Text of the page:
Exploring Silence in Whitman & Oppen

For the final paper, I want to explore the trope of silence in poetry. What sparked my interest in this topic was Walt Whitman’s poem, “I Sit and Look Out.” Whitman ends the poem with a rare silence – one that is infinitely meaningful. To be at a loss for words is a universalizing, human feeling, and for a poet to admit the act of silence reveals that there must be a profound meaning behind it.

In my paper I will closely examine Whitman’s silence in as well as the meaning of silence behind George Oppen’s poetry. Silence played an arguably weightier role for George Oppen than it did Whitman. From 1935 to 1958 after a great deal of success as a poet, Oppen stopped writing all together. He felt poetry seemed trite in relation to the world and said, “Surely there are situations in which it’s absurd to write poetry! One could approach his own death with poetry – I should think one would. But a slaughter, a slaughter for which he bears perhaps some responsibility? Or, he does what he does. I don’t know what one ‘should’ do…” (Oppen xiii). Here Oppen suggests the insufficiency of words and the uselessness of poetry in times of difficulty or crisis. Whitman also suggests this in I Sit and Look Out, when he says “All these— All the meanness and agony without end, I sitting, look out upon/ See, hear, and am silent.” However, the irony is that Whitman suggests this concept in a poem, therefore contradicting himself, while Oppen suggests it by truly neglecting poetry for twenty-three years.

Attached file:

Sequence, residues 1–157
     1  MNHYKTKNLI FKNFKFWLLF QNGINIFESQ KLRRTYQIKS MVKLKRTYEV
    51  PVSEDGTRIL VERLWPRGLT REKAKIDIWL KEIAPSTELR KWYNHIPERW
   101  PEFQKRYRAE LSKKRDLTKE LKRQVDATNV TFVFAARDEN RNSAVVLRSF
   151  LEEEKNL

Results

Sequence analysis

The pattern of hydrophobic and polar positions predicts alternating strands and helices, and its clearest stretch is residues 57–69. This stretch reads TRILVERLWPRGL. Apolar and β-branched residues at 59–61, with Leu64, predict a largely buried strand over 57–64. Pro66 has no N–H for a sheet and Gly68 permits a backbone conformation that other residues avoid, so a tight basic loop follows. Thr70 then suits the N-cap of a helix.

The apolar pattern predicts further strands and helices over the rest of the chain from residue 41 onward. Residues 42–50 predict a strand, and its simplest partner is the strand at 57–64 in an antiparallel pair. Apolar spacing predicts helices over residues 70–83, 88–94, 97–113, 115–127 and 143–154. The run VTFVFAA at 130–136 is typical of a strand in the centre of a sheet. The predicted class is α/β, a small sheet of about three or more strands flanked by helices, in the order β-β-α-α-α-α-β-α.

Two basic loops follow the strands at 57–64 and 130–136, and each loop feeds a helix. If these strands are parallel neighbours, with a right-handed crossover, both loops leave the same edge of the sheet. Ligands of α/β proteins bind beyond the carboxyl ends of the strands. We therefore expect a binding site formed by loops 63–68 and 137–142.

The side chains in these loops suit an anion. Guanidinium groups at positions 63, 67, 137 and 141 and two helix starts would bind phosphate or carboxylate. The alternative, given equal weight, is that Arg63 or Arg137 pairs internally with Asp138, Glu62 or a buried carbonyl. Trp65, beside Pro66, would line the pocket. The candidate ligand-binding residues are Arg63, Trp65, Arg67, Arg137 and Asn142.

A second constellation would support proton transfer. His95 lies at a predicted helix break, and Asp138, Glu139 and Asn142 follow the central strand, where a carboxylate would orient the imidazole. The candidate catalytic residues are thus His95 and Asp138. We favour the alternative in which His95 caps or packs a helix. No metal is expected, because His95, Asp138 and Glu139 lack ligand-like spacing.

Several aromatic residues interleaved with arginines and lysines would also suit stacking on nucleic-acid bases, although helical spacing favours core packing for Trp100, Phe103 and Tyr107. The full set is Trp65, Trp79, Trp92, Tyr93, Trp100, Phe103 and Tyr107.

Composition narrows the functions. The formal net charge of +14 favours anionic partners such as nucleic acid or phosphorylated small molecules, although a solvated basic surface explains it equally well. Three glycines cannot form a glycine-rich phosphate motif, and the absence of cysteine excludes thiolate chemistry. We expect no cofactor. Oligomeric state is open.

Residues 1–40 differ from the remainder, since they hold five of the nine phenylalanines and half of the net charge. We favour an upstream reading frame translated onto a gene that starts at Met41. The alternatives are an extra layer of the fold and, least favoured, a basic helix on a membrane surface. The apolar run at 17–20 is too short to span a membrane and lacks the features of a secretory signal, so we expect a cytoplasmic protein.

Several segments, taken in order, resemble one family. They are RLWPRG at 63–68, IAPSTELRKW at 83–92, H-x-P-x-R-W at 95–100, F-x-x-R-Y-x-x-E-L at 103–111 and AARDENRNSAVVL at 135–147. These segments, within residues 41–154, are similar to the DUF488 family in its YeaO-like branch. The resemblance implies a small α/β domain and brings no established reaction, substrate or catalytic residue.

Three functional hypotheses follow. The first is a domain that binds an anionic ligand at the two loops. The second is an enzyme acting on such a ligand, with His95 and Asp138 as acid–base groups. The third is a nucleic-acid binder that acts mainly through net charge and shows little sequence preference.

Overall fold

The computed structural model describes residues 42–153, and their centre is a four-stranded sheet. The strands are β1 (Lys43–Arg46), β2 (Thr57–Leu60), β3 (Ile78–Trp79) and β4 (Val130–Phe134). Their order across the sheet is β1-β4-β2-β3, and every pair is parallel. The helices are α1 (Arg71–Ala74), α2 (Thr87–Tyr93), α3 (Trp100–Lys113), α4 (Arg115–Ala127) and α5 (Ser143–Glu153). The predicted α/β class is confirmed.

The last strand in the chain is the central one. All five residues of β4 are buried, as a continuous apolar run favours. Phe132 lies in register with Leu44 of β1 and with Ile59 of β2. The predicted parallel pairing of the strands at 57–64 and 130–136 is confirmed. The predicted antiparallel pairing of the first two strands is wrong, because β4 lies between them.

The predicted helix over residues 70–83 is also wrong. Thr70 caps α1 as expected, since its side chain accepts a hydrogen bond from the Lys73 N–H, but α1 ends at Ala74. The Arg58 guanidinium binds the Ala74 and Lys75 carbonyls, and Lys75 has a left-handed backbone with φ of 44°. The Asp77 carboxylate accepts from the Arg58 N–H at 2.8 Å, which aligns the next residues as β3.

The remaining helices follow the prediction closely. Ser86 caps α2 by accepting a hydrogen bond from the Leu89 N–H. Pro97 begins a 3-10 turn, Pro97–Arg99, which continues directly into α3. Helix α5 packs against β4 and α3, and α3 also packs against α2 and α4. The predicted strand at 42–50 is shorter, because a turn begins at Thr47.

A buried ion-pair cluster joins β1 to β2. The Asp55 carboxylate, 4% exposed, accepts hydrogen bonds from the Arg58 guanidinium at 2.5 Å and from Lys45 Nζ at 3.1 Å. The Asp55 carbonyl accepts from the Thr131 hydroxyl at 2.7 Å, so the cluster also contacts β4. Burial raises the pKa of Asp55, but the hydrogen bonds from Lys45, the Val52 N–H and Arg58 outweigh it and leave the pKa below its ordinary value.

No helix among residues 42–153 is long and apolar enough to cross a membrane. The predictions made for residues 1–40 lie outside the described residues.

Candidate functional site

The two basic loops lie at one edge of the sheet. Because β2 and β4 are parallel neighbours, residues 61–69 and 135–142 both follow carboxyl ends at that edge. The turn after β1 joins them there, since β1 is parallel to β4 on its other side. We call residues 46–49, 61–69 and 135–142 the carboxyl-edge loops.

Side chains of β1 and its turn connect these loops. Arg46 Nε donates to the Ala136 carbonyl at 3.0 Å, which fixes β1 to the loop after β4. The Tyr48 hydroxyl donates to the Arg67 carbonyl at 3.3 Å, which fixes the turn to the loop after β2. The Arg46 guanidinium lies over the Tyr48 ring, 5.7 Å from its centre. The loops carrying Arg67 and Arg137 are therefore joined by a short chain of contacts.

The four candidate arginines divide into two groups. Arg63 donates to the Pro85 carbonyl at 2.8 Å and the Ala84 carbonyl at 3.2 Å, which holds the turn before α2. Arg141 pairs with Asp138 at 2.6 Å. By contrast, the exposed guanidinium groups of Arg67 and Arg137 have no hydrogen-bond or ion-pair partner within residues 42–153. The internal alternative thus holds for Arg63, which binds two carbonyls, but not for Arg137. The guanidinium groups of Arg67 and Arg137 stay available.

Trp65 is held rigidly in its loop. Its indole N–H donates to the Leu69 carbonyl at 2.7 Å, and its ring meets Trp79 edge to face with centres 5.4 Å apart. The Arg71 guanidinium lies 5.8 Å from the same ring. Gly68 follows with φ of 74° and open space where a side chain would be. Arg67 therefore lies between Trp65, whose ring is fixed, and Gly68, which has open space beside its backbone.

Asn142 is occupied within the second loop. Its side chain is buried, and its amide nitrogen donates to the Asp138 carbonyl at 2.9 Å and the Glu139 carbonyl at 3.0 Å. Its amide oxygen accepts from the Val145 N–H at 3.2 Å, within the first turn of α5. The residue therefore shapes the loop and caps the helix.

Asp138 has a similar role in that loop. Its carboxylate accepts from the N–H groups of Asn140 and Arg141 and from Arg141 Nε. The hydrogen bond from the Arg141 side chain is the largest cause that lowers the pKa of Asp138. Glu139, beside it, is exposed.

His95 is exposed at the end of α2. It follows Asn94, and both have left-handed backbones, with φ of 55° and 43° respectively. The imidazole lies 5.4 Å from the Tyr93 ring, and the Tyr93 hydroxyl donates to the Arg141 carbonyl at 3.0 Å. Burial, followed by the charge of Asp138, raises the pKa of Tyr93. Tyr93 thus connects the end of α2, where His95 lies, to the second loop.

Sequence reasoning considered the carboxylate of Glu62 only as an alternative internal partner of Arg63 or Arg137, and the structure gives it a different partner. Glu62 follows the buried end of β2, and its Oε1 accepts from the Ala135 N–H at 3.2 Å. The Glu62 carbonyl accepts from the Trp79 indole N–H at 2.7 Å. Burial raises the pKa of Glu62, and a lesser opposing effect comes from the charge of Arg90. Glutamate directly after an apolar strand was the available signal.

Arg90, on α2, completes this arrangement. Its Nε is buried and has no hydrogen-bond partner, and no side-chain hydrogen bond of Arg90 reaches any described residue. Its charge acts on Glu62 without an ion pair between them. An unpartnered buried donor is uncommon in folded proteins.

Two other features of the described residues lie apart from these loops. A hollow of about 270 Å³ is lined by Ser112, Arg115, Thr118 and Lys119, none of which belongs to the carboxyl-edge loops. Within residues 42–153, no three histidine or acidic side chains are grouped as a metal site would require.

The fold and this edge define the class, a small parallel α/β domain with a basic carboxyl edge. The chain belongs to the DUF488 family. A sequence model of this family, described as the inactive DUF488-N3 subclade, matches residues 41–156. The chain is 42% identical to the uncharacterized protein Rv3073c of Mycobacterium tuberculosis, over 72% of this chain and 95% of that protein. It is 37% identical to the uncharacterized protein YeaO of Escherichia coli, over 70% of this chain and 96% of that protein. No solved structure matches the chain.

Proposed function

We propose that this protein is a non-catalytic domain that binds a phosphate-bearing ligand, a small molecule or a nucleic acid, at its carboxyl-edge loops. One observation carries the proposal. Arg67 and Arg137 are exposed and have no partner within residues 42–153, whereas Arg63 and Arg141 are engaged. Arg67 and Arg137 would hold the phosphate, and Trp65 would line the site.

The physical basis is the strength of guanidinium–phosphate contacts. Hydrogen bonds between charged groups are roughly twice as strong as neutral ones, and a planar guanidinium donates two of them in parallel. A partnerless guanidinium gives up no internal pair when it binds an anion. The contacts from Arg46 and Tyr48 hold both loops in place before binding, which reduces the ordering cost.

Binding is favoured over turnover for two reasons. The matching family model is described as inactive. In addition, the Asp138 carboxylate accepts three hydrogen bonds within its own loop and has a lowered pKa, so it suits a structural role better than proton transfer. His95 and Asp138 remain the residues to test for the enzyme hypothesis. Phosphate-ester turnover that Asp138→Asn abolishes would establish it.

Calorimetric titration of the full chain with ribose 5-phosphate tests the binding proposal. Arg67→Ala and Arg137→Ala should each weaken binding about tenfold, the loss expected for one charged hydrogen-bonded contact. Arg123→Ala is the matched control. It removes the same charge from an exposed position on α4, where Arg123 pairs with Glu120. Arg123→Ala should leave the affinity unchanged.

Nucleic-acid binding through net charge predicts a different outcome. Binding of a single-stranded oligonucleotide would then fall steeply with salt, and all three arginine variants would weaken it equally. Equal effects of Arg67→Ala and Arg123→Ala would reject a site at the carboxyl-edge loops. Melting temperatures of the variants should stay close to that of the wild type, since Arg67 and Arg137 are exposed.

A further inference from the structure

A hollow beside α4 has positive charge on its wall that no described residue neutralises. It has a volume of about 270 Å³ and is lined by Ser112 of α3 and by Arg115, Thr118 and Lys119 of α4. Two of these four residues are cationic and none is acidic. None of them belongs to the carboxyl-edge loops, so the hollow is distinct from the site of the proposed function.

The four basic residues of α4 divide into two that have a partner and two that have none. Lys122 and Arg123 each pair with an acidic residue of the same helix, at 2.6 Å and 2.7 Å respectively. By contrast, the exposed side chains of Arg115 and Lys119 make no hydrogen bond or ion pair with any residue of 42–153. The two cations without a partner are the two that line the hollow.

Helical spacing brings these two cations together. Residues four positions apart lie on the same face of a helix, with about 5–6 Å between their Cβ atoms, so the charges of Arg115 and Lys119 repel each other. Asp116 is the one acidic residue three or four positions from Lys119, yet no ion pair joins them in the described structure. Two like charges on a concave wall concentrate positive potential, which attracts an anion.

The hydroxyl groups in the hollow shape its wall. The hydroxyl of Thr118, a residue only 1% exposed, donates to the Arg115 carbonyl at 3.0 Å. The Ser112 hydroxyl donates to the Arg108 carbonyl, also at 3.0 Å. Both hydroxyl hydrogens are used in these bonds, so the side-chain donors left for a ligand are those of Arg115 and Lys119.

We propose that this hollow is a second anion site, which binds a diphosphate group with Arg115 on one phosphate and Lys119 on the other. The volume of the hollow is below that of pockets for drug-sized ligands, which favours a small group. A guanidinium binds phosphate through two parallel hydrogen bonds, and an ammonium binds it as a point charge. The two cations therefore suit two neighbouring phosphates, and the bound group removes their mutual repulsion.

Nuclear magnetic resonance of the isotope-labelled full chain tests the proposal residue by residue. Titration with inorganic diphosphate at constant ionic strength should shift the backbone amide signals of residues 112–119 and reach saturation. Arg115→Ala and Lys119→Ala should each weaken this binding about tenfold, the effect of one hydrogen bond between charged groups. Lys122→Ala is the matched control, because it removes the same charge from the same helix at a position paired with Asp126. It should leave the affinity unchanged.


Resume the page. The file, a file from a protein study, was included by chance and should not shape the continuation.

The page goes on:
Ultimately, I will attempt to answer the following questions: What kind of impact does the act of silence make? Is the act of silence one of power or weakness? Are the hardest parts of life impossible to express through words, as Oppen suggests in the above quote? How is the silence of Whitman similar to the silence of Oppen? How is it different?

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One Response to Exploring Silence in Whitman & Oppen

  1. Justine Rowe says:

    I think this is a really interesting topic and the questions you ask are very thought-provoking. Silence and communication are fundamental parts of our daily lives; therefore, I am intrigued that you are applying this to poetry and the role of speech and silence within it. I especially like the ironic contradiction between Whitman, who suggested silence, yet was never able to repress his comments, and Oppen, who truly felt the uselessness of words and chose not to write for decades. I think this opposition will lead to interesting discoveries. Good luck!

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